contrary, the similarity of two elementary particles seems to
justify the conclusion that they are physiologically similar...
The greater the number of physiologically different elementary
parts, which, so far as can be known, originate in a similar
manner, and the greater the difference of these parts in form and
physiological signification, while they agree in the perceptible
phenomena of their mode of formation, the more safely we may
assume that all elementary parts have one and the same
fundamental principle of development... The elementary parts of
all tissues are formed of cells in an analogous, though very
diversified manner, so that it may be asserted, that there is one
universal principle of development for the elementary parts of
organisms, however different, and that this principle is the
formation of cells." [*Note #1]
Theodor Schwann: _Microscopical Researches into the Accordance in
the Structure and Growth of Animals and Plants_.
(Sydenham Society, London 1847, transl. Henry Smith, from the
original German published in 1839)
Text Notes:
... ... *Note #1: The "cell theory" is probably the most
important biological generalization of the first half of the 19th
century, a generalization that has grown in importance and which
serves as a unifying principle in the continued development of
modern biology. A number of biologists had been writing about the
cellular organization of animals and plants, but it was Theodor
Schwann (1810-1882) and Matthias Schleiden (1804-1881) who most
clearly stated and summarized the case for the cell theory,
Schwann for animals and Schleiden for plants. Although a major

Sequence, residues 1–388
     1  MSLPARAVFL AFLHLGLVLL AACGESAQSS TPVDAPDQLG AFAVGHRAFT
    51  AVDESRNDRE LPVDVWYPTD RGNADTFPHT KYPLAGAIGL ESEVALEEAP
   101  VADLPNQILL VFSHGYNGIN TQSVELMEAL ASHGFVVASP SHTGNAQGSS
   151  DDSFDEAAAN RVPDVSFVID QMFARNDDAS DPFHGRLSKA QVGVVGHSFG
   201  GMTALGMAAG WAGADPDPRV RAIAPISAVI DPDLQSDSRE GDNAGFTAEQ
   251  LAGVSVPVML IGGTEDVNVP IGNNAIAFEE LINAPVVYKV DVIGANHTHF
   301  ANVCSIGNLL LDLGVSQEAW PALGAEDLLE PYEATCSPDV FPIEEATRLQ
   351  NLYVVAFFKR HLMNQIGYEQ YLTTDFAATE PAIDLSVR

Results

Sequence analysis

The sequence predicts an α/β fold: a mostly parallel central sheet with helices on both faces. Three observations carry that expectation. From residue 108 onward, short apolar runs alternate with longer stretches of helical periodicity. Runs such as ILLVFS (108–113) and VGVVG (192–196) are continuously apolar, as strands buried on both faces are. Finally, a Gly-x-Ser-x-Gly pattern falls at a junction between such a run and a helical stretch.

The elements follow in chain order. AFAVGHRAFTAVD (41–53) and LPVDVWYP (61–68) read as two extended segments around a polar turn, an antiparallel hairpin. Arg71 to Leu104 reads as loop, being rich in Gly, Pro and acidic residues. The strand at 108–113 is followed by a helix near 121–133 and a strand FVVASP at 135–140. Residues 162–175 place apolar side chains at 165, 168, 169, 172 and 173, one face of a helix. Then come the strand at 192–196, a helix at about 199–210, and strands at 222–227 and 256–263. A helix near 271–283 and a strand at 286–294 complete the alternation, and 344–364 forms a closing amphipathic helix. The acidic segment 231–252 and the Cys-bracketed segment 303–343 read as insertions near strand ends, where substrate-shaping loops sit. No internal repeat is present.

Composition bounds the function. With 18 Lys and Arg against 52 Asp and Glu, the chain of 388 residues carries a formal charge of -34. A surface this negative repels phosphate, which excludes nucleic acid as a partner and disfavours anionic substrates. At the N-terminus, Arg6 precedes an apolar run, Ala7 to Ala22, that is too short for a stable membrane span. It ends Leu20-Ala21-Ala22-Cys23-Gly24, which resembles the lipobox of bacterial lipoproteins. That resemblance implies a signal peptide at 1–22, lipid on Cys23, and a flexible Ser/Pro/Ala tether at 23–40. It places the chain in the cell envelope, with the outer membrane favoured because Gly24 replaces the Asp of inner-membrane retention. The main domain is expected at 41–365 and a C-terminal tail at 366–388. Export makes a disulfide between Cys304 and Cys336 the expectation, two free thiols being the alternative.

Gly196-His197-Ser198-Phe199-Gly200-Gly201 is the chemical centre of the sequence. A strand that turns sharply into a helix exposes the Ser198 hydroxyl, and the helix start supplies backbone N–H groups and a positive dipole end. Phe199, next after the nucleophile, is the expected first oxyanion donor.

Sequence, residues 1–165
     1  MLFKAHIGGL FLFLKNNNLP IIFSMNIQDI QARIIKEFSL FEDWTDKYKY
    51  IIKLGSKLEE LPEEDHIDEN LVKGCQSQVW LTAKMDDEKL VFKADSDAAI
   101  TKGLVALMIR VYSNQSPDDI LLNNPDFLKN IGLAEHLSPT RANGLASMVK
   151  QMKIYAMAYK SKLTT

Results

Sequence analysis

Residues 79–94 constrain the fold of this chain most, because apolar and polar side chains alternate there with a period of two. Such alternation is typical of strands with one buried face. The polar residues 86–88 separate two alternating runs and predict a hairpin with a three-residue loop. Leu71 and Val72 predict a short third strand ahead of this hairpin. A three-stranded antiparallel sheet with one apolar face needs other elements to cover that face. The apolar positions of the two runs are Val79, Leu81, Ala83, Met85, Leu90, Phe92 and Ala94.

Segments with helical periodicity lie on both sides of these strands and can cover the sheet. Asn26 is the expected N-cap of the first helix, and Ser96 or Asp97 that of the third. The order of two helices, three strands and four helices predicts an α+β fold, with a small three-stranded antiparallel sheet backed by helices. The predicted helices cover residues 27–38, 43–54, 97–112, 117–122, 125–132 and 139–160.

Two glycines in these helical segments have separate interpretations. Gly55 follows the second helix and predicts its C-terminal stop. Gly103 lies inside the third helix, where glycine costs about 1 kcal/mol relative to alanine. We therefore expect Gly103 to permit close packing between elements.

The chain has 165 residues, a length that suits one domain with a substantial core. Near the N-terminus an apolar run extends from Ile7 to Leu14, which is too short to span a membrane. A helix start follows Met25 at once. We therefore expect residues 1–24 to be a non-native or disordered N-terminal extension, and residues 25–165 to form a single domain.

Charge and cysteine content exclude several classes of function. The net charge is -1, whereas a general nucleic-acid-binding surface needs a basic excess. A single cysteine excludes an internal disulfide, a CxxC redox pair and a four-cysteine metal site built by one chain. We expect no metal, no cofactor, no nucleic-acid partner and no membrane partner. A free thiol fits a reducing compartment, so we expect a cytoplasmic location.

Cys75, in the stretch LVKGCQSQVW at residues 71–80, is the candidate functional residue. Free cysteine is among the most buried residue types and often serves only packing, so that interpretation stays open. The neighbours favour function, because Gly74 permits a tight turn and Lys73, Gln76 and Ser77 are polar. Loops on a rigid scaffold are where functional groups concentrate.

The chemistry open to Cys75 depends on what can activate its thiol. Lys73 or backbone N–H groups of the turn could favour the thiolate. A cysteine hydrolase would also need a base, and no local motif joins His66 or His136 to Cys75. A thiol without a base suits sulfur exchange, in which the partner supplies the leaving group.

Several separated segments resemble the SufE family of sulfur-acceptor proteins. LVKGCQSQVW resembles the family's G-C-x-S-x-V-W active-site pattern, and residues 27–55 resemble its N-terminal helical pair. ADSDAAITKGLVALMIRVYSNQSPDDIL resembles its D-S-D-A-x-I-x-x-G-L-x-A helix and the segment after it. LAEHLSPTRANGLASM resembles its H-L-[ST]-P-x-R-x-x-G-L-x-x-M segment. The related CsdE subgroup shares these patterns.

weakness of the theory was its proposition that the formation of
cells involved the appearance of a nucleus first and the
remainder of the cell afterward, the general idea of cell theory,
that of individual physiological entities ("cells") as the
fundamental units of biological systems, was a correct and
profound conceptual contribution. Schwann also apparently coined
the term "metabolism" to represent the overall chemical changes
occurring in living systems. He also did important work on
digestion, fermentation, and histology. He identified yeast as
consisting of tiny plant-like organisms, and he was one of the
first to propose that fermentation of sugar and starch was the
result of a life process, a proposition that provoked so much
scientific criticism in Germany that Schwann left Germany and
moved to Belgium. He became professor of anatomy at Louvain in
1838 and at Liege in 1847. It is ironic that in the last 40 years
of his life he devoted most of his energies to mysticism and
religious meditation, doing nothing to match his earlier
intellectual and scientific accomplishments in the one decade of
the 1830s.
Notes by SCIENCE-WEEK 17Sep99
For more information: